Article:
Ghost in the Machine is not only the best album by the Police, but the third story in the book.

Franklin uses one of his father’s machines to turn the tables on his doubting dad. The story quickly degenerates into a Casper clone complete with the Ghostly trio. In the end, it’s Franklin who learns the lesson.

Under the Bed has Franklin taking matters in hand, behind his father’s back. He and H.E.R.B.I.E. return an interdimensional monster back to its home.

Power Trip shows Franklin how dirty the super hero business can be at times.

Another fun trip into the world of the FF’s heir apparent.

Posted Saturday, February 22nd, 2020 by Barry

Have a Merry Christmas – Marvel Style

A 1978 inhouse ad from the House of Ideas – and merchandising – showcased the beginning of the graphic novel and trade paperback era.

Aside from The Incredible Hulk 1979 calendar, the advertisement promoted the Fireside books published from 1974 to 1979.

Have a Merry Christmas – Marvel Style

Have a Merry Christmas – Marvel Style

Fireside was an imprint of publishing house Simon & Schuster. Stan Lee’s vision was to offer a more traditional format featuring Silver Age stories at affordable prices.

Fireside and Marvel teamed for 24 such books during the six-year association. Origins of Marvel Comics hit bookshelves in 1974 followed by Son of Origins of Marvel Comics in 1975. Bring on the Bad Guys and The Superhero Women were published in 1976.

The return of Jack Kirby to Marvel was heralded by The Silver Surfer The Ultimate Cosmic Experience. It also marked a reunion with collaborator Lee.

Other books included The Best of Spidey Super Stories, The Incredible Hulk, Marvel’s Greatest Battles, The Amazing Spider-Man, The Fantastic Four, Doctor Strange Master of the Mystic Arts, Captain America Sentinel of Liberty, The Mighty Marvel Superheroes Fun books one through five, The Mighty Marvel Comics Strength and Fitness Book, The Mighty Marvel Superheroes Cookbook, How to Draw Comics the Marvel Way, Marvel Mazes to Drive you Mad, The Mighty Marvel Pin-Up Book, Marvel Word Games and The Might Marvel Jumbo Fun Book.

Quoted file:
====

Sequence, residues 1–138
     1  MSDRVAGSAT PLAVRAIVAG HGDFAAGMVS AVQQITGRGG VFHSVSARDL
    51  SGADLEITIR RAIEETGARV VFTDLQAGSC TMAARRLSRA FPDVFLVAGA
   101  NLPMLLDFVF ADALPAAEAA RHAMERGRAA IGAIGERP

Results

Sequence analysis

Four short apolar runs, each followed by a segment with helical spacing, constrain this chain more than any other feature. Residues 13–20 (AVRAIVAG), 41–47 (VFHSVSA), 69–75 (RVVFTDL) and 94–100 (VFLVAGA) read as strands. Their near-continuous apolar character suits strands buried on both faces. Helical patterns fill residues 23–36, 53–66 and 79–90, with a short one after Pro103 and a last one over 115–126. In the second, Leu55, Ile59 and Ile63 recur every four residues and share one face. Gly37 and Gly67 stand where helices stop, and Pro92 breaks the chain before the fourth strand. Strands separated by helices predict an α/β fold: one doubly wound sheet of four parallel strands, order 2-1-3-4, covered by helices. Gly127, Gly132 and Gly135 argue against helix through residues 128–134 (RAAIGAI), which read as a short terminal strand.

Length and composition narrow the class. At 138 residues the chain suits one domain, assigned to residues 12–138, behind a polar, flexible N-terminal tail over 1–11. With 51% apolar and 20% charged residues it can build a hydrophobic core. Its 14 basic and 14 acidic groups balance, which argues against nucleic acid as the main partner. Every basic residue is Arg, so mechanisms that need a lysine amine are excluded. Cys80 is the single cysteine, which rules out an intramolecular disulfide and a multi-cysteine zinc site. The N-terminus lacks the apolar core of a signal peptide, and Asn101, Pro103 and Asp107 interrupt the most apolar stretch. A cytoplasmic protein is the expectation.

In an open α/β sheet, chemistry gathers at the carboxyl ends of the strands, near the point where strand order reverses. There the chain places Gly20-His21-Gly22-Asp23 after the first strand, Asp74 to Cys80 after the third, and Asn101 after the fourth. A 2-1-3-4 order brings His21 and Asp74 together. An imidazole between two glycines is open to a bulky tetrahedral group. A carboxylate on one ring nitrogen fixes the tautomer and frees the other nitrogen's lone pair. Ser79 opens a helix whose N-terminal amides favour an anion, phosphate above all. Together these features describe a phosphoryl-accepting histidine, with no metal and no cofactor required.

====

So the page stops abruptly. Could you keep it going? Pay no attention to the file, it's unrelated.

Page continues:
All stocking stuffers to be sure.

Posted Tuesday, February 4th, 2020 by Barry

Fantastic Four (1961) 11

Today is National Thank a Mail Carrier Day. That said, Willie Lumpkin is the most deserving master of ceremonies for the day in our universe.

Fantastic Four (1961) 11

Fantastic Four (1961) 11

Willie was originally created by Stan Lee and Dan DeCarlo for a newspaper comic strip. Stan resurrected the character in Fantastic Four (1961) 11 in ‘A Visit With the Fantastic Four.’

Readers are treated to a more idyllic story as the famous foursome go about daily activities. They are greeted by Willie as he delivers a bag of fan mail. The short introduction ends with an offer by Mr. Lumpkin to join the team; his hidden power is the ability to wiggle his ears.

The mail carrier makes a final appearance in the last panel of the first story with an even larger bag of mail to be delivered.

Mr. Lumpkin would continue to make cameos in The Fantastic Four through the ensuing years. In 1989 Willie was given his own short in Marvel Comics Presents issue 18 in a parody of ‘A Christmas Carol.’

He would later become a beau of Aunt May Parker until one of her many perceived deaths.

After his retirement, Willie became a biology teacher for the Future Foundation with the FF.

In a touching tribute to his creation, Stan Lee portrayed the beleaguered mailman in the 2005 Fantastic Four movie.